Sunday, May 24, 2015

Why does everything consume so much RAM in Windows?

You may already have guessed what this screenshot is from from the title of this post, but if not, take a guess:

That's right, it's the RAM usage column of Windows' task manager. Do you notice something particular about it?

That's right, not a single process is taking less than 1 MB of RAM.

And mind you, I was not running any programs when I took this screenshot, with the exception of Skype (which is that 144 MB hog) and task manager itself. (And mind you, I just restarted Skype a few minutes before taking the screenshot. It's not like it has been running for days. This is the minimum that it takes.)

Why, oh why does everything in Windows take up so much RAM? Everything, and I mean everything, takes several megabytes of RAM. Heck, I can't find a single Windows program that would take less.

Perhaps Minesweeper? After all, it's one of the most rudimentary games in existence. Nope. A whopping 51 MB.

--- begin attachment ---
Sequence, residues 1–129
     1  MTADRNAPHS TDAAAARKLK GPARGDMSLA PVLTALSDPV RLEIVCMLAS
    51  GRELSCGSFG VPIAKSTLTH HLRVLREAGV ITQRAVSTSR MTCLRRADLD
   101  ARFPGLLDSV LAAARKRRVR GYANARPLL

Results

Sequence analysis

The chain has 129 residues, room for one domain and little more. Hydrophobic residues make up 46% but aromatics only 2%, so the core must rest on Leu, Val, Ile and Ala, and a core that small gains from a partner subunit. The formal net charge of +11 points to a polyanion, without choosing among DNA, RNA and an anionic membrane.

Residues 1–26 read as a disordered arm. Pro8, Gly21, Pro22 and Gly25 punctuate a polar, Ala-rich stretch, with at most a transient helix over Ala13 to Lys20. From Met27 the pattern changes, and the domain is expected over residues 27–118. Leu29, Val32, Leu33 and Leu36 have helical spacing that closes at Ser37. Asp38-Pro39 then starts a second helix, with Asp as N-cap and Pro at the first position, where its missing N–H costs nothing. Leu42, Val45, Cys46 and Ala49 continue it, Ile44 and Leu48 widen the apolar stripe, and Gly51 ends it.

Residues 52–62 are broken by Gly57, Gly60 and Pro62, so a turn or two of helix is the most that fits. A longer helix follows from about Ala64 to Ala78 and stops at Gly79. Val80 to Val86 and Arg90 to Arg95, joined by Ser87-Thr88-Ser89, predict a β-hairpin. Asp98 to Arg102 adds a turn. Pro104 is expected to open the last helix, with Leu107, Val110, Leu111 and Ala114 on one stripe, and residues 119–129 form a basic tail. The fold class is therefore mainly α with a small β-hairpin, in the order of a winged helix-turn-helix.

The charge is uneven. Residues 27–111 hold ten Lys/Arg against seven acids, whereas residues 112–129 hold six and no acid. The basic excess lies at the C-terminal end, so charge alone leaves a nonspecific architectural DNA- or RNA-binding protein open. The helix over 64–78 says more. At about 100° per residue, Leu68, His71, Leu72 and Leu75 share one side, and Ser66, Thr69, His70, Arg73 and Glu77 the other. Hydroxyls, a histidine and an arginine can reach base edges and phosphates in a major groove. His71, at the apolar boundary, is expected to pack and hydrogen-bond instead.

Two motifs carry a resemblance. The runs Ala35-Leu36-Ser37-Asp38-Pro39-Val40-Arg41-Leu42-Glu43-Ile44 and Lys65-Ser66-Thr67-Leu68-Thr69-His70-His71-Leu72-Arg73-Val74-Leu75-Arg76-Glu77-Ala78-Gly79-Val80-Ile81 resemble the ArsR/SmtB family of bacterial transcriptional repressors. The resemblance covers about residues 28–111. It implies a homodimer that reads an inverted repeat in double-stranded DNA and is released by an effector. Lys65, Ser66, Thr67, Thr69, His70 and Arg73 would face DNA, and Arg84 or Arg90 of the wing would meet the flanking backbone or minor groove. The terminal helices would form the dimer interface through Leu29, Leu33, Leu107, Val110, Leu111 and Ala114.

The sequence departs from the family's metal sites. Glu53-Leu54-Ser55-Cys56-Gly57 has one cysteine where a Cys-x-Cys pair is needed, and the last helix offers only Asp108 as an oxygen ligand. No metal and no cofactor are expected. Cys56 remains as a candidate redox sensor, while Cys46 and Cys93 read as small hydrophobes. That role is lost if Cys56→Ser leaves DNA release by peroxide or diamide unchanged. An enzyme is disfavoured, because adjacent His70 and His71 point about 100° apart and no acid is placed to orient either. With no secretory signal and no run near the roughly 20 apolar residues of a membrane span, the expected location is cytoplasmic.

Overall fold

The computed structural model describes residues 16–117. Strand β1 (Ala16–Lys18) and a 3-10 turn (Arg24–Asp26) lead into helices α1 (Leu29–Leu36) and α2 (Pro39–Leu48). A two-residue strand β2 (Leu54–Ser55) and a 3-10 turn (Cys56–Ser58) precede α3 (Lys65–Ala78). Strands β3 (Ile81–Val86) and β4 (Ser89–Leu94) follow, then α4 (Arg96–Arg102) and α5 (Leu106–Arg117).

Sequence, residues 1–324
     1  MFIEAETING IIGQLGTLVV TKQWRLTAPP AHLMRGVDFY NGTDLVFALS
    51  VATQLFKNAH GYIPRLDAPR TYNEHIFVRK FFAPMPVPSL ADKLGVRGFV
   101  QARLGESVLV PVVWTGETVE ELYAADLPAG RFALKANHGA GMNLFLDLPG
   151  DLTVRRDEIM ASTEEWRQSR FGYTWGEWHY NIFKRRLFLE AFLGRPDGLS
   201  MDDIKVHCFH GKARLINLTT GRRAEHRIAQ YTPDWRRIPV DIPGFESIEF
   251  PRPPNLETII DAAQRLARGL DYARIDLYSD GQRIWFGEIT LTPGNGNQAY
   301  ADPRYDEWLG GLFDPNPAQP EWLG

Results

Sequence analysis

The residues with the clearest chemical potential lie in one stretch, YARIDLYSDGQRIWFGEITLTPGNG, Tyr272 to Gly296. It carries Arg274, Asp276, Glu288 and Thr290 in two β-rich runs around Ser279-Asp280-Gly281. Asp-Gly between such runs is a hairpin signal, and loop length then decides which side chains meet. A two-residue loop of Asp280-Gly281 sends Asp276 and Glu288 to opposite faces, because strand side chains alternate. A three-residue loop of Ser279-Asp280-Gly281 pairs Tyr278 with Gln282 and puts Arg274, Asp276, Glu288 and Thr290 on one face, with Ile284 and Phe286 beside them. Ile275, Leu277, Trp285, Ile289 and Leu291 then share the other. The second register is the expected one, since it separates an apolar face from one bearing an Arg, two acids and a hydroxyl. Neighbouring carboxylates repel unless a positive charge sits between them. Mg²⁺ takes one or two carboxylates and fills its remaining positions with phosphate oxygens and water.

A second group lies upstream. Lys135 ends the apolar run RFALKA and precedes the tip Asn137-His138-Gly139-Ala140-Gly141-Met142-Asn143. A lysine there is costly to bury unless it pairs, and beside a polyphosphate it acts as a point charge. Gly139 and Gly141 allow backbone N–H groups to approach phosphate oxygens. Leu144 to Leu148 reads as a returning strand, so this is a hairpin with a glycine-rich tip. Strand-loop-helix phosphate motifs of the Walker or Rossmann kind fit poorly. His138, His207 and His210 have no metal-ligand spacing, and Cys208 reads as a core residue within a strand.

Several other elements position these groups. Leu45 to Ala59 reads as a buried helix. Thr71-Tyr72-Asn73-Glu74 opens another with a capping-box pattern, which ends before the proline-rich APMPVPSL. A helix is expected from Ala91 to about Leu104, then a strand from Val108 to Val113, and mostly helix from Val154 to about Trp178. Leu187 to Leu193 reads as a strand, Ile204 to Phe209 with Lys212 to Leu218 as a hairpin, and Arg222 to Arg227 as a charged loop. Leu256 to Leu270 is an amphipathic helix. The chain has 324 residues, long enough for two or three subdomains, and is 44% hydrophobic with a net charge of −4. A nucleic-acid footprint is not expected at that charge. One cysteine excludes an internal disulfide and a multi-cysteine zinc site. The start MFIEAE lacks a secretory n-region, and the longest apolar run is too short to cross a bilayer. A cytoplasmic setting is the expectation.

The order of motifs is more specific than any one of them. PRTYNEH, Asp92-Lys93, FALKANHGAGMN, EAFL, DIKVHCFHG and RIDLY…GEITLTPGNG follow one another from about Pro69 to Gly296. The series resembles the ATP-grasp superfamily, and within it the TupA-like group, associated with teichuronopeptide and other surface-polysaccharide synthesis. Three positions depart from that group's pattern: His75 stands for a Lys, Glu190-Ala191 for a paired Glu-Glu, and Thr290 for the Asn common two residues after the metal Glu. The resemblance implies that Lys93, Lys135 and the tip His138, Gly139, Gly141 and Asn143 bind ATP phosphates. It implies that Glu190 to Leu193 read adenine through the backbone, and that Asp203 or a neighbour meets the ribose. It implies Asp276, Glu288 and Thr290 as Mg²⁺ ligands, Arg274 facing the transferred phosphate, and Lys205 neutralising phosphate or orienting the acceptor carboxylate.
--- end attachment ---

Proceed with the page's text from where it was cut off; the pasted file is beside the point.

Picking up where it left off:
Notepad? Ok, it's a text editor, but it's extremely simplistic. Nope. Almost 2 MB.

How about calc? Surely that can't take much RAM right? Almost 7 MB. Even more than Notepad, even though calc does something extremely simple.

All those things that are listed in the screenshot are system services and background processes. Even the smallest one of them takes 1.1 MB of RAM. Not a single one takes less than that.

But consider Skype in particular. There's absolutely no rational reason why it should be taking 144MB of RAM. There's absolutely nothing in it that would require even a tenth of that. Yet it simply does, because reasons.

I believe that the fundamental reason behind all of this is highly incompetent and lazy programming. The kind of programming that simply doesn't care one iota about memory consumption, and liberally uses lots and lots of extremely wasteful data containers and other such routines with complete disregard to whether they are the right ones for the job, how many resources they will take, or if they are even needed at all. Things that any competent programmer wouldn't even think of using; it would just not even occur to them (instead they would naturally use something more efficient and more suitable for the task). And all this turned up to eleven.

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